Olive and her husband, Faustin, have resided in a corrugated metal structure for four years with their three children Sandrine (12), Isimwe (9), and Confiance (5). Their current small home is built in front of a large slope at the bottom of a mountain. When it rains, water rushes into the house on one side and exits through the other side. They do not have a pit latrine, meaning they are forced to squat outside in the bushes when needing to use the toilet. The door has no way of locking and exposes the family to threats, especially when Faustin is searching for construction work in the Congo. In the home, there is only one broken plastic chair and a small bed (off the ground) with a grass mat on top—the entire family of five sleep in this one bed.
Olive’s husband, Faustin, is a genocide survivor. He witnessed his parents, brothers, and sisters being killed during the genocide. He is the only one from his household who survived. Faustin becomes catatonic several times a year, especially during April (when the Rwandan genocide began in 1994). When going through a catatonic state, he doesn’t speak, barely moves, and stares blankly for several days or weeks. During this time, Faustin can not work and needs to be cared for by his family.
Before their current home, Olive and her family squatted in unfinished houses in Gisenyi city. However, once property owners found them, Olive and her family were forced to move. Olive and Faustin cultivate other people’s land for $1 a day. Their ability to make enough for their family depends heavily on the growing season. Olive and Faustin spent years using one of their incomes for survival and the other to save money to purchase land in Kabere. After many years of hard work, they bought a small plot of land but did not have the resources to build a home.
The lasting impact of the genocide plagues Olive and Faustin’s ability to provide for their children. The right to an adequate standard of living is a fundamental human right that we, as humans, are all entitled to. Please consider donating today to ensure Olive, Faustin, and their children may have the same opportunity.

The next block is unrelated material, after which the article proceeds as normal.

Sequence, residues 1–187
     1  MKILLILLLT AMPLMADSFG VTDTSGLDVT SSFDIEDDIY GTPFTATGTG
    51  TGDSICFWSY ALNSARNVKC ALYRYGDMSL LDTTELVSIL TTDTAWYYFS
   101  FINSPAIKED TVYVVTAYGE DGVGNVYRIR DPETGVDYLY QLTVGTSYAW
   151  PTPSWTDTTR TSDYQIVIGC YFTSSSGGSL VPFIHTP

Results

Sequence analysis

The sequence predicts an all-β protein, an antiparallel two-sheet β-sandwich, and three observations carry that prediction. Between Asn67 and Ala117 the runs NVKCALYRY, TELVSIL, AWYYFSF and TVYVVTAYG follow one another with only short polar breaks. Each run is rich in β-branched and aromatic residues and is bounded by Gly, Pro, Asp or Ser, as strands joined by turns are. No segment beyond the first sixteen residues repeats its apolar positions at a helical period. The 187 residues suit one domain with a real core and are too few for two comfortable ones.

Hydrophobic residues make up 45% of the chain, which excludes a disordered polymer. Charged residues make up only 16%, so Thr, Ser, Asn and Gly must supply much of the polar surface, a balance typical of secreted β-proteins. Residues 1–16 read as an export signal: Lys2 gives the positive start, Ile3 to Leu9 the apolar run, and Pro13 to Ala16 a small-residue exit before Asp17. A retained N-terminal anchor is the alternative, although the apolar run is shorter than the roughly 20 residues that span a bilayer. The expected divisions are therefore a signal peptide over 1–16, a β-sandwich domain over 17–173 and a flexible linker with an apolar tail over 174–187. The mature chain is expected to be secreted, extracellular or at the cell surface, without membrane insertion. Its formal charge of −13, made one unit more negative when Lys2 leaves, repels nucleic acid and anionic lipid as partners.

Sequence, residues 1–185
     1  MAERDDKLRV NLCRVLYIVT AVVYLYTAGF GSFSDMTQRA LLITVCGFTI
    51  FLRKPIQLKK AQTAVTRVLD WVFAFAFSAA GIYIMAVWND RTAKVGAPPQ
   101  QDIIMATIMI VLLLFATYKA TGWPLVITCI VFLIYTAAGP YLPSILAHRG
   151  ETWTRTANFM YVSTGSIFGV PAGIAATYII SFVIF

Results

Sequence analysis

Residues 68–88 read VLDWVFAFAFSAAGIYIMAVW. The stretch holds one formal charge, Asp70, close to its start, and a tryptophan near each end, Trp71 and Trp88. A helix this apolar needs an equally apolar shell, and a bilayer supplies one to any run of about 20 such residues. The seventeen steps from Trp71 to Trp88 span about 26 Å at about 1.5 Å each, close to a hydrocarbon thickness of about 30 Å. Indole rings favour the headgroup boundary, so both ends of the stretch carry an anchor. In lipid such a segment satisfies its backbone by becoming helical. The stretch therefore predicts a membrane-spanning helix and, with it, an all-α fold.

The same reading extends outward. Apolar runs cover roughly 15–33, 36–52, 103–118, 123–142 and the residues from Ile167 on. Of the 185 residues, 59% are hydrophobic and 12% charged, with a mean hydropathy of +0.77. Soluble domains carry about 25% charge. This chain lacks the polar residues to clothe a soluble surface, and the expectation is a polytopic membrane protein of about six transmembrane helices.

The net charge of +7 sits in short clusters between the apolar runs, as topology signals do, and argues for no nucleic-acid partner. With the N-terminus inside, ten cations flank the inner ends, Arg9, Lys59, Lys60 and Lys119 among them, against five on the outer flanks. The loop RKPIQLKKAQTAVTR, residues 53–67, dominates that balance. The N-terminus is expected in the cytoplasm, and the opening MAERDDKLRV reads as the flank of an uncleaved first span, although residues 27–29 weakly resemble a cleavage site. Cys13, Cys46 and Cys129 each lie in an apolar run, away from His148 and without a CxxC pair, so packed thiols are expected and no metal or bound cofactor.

Interning with Inshuti of Rwanda during the summer of 2022 provided me with the unique opportunity to learn about the lives of Rwandans residing in Rubavu District, Rwanda. Through pictures, videos, and reflections, I understood the dedication each community member has toward fostering familial connections and providing the upcoming generations with opportunities for improvement. Whether it is an Inshuti mason laying the last brick of an Inshuti home or a child trying on their new uniform provided by donors like you, the positive impact Inshuti has on each generation is evident.
Inshuti of Rwanda recognizes the implications of colonialism, as seen through the Rwandan genocide and its lasting brutality, which crosses generational lines. I’ve started this campaign for Olive, Faustin, and their three children in an attempt to alleviate a small fraction of the physical, psychological, and socio-economic violence they have endured. I can not do this alone. By donating today, you can be a part of the impact.
Olive and her daughters, Sandrine, Isimwe and Confiance
The entire family of five sleeps on this makeshift bed
A broken plastic chair is the only furniture they own.
Olive's children suffer the effects of generational trauma when they witness their father, Faustin, have periods of catatonia due to being a genocide survivor.
Each family member only owns a few pieces of old ragged clothing.
Even through primary school is free in Rwanda, Olive struggles to buy the necessary uniforms and books for her children to attend.
Olive often bears the weight of the entire families problems on her shoulders and worries constantly about the wellbeing of her husband and children.
The house is too small to cook inside, forcing Olive to cook outside no matter the weather conditions.
The family only has old pots and a few old plates.
The children have never had a stable home or appropriate housing their entire life.
The two old toothbrushes the family shares.
A collection of the famlies shoes.
Olive's family deserves a better place to call home. Help Rasheda build them a new house by donating.